A 41-year-old man has been hauled to court over his alleged involvement in Singapore's largest case of a public institution being defrauded to date, involving nearly $40 million.
The government agency involved is SkillsFuture Singapore, which promotes a culture of lifelong learning.
On Tuesday (Dec 19), Ng Cheng Kwee was charged with three counts of intentionally perverting the course of justice.
Deputy Public Prosecutor Victoria Ting told the court that a criminal syndicate could be involved and Ng is believed to be one of the main perpetrators.
Before this, Ng was charged with one count of engaging in a conspiracy to commit forgery.
He was also charged with concealing benefits of criminal conduct - namely $6.7 million in cash and 11kg of gold worth about $600,000.
Ng is said to have committed these offences between April and last month.
Four other people have also been charged over their alleged involvement in the case.
In a statement on Tuesday, SkillsFuture Singapore said it detected anomalies in claims for training grants at the end of October.
It immediately suspended all payments of grants to nine business entities and reported the matter to the police.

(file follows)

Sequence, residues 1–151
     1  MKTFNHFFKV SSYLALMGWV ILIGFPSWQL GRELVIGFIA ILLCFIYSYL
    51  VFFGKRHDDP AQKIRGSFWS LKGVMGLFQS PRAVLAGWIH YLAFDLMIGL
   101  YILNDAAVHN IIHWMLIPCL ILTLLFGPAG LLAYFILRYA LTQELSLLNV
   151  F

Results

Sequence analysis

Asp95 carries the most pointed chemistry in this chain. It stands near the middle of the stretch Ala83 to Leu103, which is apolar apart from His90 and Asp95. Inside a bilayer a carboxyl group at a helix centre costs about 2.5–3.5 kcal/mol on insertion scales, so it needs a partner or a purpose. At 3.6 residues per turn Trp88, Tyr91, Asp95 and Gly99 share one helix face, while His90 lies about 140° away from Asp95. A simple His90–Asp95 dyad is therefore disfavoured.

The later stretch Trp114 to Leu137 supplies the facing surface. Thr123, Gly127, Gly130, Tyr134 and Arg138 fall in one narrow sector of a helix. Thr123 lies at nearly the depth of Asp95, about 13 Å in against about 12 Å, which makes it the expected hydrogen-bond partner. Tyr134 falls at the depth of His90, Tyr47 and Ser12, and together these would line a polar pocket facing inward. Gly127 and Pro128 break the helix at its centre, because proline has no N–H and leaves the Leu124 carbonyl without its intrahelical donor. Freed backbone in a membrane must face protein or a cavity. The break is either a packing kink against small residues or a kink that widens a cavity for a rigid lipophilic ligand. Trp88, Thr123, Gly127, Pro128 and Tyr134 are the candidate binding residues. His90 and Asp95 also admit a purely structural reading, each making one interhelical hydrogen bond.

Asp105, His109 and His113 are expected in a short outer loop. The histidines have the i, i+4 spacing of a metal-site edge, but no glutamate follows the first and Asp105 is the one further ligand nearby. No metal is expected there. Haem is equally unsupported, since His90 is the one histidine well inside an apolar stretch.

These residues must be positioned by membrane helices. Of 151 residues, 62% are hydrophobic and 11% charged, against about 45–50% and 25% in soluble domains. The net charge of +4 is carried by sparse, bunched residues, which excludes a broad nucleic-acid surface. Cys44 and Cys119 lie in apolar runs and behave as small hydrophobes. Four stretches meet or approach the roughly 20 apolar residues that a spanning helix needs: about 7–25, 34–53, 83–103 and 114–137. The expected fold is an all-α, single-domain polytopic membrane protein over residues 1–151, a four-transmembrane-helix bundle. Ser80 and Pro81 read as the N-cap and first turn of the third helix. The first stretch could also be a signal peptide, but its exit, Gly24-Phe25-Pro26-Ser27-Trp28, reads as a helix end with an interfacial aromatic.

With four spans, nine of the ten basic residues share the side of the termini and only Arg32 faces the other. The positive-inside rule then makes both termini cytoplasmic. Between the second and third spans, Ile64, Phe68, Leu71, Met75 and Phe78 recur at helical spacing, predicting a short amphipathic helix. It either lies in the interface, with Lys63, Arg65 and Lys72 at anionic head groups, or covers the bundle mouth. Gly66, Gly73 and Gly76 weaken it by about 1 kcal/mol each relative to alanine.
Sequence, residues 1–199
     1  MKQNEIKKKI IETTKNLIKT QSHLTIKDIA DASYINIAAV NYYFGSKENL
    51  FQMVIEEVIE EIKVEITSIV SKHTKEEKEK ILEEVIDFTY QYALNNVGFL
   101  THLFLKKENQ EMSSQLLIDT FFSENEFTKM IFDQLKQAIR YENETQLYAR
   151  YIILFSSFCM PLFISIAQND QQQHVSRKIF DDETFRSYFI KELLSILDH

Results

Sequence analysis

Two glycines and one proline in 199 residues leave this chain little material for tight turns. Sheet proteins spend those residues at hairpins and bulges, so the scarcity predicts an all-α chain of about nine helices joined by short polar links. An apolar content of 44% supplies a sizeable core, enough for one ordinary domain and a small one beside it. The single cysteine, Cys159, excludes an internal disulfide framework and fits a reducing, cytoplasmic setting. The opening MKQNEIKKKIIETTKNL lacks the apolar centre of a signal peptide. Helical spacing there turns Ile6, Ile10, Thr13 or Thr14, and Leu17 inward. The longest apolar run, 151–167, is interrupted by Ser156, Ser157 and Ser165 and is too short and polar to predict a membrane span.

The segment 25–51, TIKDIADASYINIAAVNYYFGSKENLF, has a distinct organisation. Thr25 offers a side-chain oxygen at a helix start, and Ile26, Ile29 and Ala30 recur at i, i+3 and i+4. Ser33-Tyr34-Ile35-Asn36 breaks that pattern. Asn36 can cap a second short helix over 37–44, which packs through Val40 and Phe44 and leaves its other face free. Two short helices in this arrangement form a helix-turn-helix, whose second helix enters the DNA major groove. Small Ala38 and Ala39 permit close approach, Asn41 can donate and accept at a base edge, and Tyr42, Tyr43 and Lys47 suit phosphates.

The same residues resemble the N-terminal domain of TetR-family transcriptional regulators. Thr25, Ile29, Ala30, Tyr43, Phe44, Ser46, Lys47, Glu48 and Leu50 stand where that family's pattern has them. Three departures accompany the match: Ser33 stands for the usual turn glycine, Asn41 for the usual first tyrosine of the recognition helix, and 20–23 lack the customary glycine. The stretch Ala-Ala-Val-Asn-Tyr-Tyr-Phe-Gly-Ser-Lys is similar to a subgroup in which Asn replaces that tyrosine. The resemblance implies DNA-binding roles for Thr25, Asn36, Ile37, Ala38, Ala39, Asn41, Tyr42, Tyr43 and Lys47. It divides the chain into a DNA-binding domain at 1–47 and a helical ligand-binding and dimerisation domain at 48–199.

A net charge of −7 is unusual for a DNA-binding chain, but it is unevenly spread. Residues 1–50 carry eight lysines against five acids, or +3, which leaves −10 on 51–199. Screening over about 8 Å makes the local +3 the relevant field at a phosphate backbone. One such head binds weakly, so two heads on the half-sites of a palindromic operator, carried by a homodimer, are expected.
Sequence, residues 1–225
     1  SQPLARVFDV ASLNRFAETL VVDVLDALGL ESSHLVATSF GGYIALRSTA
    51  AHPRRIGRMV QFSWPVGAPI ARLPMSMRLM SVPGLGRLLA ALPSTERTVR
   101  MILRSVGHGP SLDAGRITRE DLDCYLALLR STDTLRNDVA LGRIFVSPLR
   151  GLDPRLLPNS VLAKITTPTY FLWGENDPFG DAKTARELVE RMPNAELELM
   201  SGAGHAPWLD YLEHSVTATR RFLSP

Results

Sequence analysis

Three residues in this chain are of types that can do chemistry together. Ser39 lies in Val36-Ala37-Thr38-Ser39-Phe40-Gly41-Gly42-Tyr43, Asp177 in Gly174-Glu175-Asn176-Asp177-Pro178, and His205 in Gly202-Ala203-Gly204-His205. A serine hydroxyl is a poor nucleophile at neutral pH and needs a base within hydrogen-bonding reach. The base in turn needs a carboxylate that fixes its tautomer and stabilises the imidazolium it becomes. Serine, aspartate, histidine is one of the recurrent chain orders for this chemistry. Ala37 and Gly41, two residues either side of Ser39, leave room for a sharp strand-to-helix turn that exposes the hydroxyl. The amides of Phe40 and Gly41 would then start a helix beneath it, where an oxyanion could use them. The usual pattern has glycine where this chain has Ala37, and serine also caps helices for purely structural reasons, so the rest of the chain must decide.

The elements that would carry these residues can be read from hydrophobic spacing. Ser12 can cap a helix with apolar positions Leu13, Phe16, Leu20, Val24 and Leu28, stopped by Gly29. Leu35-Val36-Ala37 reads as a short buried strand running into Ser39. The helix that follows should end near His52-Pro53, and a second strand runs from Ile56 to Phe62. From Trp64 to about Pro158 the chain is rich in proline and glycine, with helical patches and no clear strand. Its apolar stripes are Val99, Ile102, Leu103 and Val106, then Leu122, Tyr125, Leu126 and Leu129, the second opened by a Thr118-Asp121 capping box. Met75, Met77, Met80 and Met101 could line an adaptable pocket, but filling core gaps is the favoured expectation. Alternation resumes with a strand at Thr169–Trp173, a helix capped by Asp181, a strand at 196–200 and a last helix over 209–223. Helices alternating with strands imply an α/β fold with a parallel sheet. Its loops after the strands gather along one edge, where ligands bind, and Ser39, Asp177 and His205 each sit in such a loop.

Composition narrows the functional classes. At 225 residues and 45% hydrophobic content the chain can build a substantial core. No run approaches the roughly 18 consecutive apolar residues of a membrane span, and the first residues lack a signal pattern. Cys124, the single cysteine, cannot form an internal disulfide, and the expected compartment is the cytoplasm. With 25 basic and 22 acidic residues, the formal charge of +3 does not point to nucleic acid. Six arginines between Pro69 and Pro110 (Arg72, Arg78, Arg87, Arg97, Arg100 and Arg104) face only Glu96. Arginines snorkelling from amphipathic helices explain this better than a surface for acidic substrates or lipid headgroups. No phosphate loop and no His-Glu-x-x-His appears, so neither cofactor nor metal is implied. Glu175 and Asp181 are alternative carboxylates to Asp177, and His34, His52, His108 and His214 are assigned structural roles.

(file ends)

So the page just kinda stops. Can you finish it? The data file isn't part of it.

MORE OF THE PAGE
Following this incident, SkillsFuture Singapore said it has taken immediate action to tighten its processes, including implementing fraud analytics, while conducting a comprehensive review of the system.
"(SkillsFuture Singapore) takes a serious view of any individual, training provider or organisation that abuses its funding schemes, and will not hesitate to take action against those who contravene its funding rules and guidelines," said the agency.
Ng is now remanded at Central Police Division and will be back in court on Dec 26.
Five suspected members of a criminal syndicate have been charged with a series of offences, which resulted in close to S$40 million in fraudulent claims being paid out by SkillsFuture Singapore (SSG).
In a news release on Tuesday (Dec 19), SSG said the offences include “engaging in a conspiracy to submit forged documents to fraudulently obtain training subsidies from SSG, and to conceal the benefits from such criminal conduct.”
Police seized substantial cash and froze a number of bank accounts involved in the case, the release added.
“Preliminary police investigation reveals that the criminal syndicate behind these fraudulent claims operated an organised network that utilised nine business entities, comprising employer companies and training providers, to submit the fraudulent claims.”
SSG said it detected anomalies in claims for training grants at the end of October 2017 and immediately suspended all payments of grants to the nine business entities and reported the case to the police.
It added that it has taken immediate actions to tighten processes, which include implementing fraud analytics, while conducting a comprehensive review of the system.
SSG takes a serious view of any individual, training provider or organisation that abuses its funding schemes, and will not hesitate to take action against those who contravene its funding rules and guidelines,” the release added.
Police investigations are ongoing.
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